The Sicilian's pale eyes flit upward, catching light like one of the markers on the edges of the highways. He remembers to smile. Now that Walter's actually here, he doesn't feel hurried, exactly. What the fuck was he going to do, anyway? Haste doesn't really make sense given the space-time continuum's relationship with Francois Allegre's disappearance. Still, he isn't his usual magnanimous hostly self— if he's ever a magnanimous hostly self. "A little," he admits, after a moment. He turns a hand palm-up, leaning his hip on the edge of the table. "It was just a fucking box."

That just HAPPENED to be one of the LAST REPRESENTATIONS of Francois and his bond with the Frenchman, but you know, as long as he's being nice about it. "I don't have one. Catch a time-traveler by the toe? It's not like I'm just gonna take a walk and trip over one on the fucking street. I was hoping you knew somebody; Eileen seems to trust you."

"I know somebody," Walter concedes, "but, ah." Ah. "I guess it's stupid of me t'ask how important this is to you," isn't a question, "but I'm gonna ask how far you're willing t'go. Say I got this somebody, yeah?" He lifts his eyes from the paper and searches Teodoro's face for sincerity, some glimmer in blue eyes the same shallow ocean shade as his own. Where he comes from, he knows he can trust his father because his father knows he's his son. When it comes to stepping back in time, all bets are off.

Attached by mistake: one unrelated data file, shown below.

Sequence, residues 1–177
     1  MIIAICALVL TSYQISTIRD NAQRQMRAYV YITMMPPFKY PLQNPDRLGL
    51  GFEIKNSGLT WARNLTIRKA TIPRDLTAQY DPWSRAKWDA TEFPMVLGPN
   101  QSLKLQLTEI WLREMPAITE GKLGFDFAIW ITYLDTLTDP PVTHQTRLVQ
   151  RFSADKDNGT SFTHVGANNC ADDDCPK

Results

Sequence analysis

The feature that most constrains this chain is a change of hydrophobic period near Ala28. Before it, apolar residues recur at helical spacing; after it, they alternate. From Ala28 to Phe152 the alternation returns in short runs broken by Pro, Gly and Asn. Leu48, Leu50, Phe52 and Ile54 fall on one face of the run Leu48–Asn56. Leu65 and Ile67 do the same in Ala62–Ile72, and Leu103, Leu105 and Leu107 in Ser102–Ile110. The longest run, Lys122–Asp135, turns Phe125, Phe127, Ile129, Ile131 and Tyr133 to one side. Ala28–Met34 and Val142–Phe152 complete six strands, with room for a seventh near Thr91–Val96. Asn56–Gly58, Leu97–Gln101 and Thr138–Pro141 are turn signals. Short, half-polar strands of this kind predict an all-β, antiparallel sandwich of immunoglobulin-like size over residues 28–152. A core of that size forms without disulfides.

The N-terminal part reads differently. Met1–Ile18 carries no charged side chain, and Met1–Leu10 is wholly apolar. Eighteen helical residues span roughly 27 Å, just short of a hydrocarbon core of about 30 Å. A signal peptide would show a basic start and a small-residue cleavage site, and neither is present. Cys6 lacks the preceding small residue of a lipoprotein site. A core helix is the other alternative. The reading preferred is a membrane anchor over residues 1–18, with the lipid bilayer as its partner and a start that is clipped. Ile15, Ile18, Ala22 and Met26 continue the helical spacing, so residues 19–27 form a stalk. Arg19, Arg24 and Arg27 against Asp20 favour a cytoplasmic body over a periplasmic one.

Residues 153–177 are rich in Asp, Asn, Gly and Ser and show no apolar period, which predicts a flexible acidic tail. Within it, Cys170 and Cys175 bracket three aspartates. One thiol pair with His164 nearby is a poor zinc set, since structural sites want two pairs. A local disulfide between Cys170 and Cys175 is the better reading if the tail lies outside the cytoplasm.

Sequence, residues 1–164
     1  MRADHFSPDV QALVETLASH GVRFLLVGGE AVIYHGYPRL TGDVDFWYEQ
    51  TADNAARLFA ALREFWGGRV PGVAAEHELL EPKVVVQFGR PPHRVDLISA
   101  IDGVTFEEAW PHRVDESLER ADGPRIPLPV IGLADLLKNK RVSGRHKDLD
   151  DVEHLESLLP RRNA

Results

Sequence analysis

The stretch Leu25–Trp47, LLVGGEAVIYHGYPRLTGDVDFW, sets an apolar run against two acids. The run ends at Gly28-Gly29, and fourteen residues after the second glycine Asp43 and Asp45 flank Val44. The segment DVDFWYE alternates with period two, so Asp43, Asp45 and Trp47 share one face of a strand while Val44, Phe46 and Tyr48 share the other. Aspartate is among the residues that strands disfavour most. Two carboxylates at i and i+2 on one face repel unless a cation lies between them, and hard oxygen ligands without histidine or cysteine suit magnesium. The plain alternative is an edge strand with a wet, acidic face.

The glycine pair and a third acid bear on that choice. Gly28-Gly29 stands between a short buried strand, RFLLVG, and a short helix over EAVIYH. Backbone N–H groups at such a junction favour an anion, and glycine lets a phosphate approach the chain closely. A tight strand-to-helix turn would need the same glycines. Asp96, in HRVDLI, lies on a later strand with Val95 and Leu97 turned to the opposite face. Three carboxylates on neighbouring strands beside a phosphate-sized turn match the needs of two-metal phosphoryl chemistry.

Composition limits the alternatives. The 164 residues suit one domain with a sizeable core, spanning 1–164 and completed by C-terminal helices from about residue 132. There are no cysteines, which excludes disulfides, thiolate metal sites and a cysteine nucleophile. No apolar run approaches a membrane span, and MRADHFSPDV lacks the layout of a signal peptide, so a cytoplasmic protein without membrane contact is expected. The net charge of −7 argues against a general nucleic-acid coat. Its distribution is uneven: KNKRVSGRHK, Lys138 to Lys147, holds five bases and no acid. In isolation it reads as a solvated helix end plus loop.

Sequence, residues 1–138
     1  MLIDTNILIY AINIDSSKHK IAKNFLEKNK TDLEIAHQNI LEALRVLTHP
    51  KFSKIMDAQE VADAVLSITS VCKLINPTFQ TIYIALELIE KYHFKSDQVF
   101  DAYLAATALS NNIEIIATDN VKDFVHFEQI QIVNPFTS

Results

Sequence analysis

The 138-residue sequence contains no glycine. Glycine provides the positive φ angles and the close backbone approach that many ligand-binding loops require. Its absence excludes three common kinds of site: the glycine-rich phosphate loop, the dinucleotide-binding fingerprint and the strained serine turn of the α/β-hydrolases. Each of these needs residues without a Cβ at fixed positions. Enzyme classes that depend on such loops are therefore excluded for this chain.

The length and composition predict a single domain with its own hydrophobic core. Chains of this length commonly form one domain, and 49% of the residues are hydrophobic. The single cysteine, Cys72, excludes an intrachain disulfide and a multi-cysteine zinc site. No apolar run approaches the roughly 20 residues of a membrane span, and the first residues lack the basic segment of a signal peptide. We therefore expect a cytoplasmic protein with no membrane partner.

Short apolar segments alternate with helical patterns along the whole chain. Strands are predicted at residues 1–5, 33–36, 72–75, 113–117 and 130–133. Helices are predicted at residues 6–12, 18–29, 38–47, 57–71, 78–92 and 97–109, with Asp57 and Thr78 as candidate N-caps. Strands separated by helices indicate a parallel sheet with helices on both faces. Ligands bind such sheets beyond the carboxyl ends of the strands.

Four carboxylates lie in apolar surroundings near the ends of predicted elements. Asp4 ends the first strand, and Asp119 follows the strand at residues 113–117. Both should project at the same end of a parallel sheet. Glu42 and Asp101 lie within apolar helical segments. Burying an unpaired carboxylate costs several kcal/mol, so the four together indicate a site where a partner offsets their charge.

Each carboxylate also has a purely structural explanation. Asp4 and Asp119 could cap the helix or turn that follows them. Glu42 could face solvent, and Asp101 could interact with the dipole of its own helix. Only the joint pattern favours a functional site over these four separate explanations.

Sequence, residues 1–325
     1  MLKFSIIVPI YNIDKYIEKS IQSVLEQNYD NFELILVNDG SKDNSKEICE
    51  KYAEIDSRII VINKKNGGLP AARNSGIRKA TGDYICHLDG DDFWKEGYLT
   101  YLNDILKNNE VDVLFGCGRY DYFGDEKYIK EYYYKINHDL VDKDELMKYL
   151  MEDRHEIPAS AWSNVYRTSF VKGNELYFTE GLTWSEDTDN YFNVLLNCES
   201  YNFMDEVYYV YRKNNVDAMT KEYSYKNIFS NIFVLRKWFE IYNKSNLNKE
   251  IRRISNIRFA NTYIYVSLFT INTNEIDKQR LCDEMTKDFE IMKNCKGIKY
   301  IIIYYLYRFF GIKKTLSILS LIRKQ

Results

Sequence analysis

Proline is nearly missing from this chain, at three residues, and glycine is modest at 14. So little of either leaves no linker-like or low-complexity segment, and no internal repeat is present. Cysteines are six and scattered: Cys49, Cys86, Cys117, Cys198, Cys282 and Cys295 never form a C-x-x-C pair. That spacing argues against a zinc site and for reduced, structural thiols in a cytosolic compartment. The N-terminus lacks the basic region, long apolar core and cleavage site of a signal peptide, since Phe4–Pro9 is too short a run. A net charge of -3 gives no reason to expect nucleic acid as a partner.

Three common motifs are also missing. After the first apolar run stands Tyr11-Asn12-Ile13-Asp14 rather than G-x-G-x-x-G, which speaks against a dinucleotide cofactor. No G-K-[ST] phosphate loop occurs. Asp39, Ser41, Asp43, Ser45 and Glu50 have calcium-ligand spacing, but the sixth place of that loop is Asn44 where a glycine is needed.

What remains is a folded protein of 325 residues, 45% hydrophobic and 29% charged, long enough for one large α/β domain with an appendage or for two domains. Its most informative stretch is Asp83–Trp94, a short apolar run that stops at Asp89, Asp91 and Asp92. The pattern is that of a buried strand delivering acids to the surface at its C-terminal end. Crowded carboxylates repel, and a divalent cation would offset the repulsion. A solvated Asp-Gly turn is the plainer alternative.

'Reynard' isn't a friend. Still virtually a stranger even though they became acquainted through a scuffle upstairs in Francois' bedroom. "Can I trust you not to go telling people what they can do? Allegre's a given. Circumstances and all, but you can't tell nobody else. Not even Miss Ei-leen."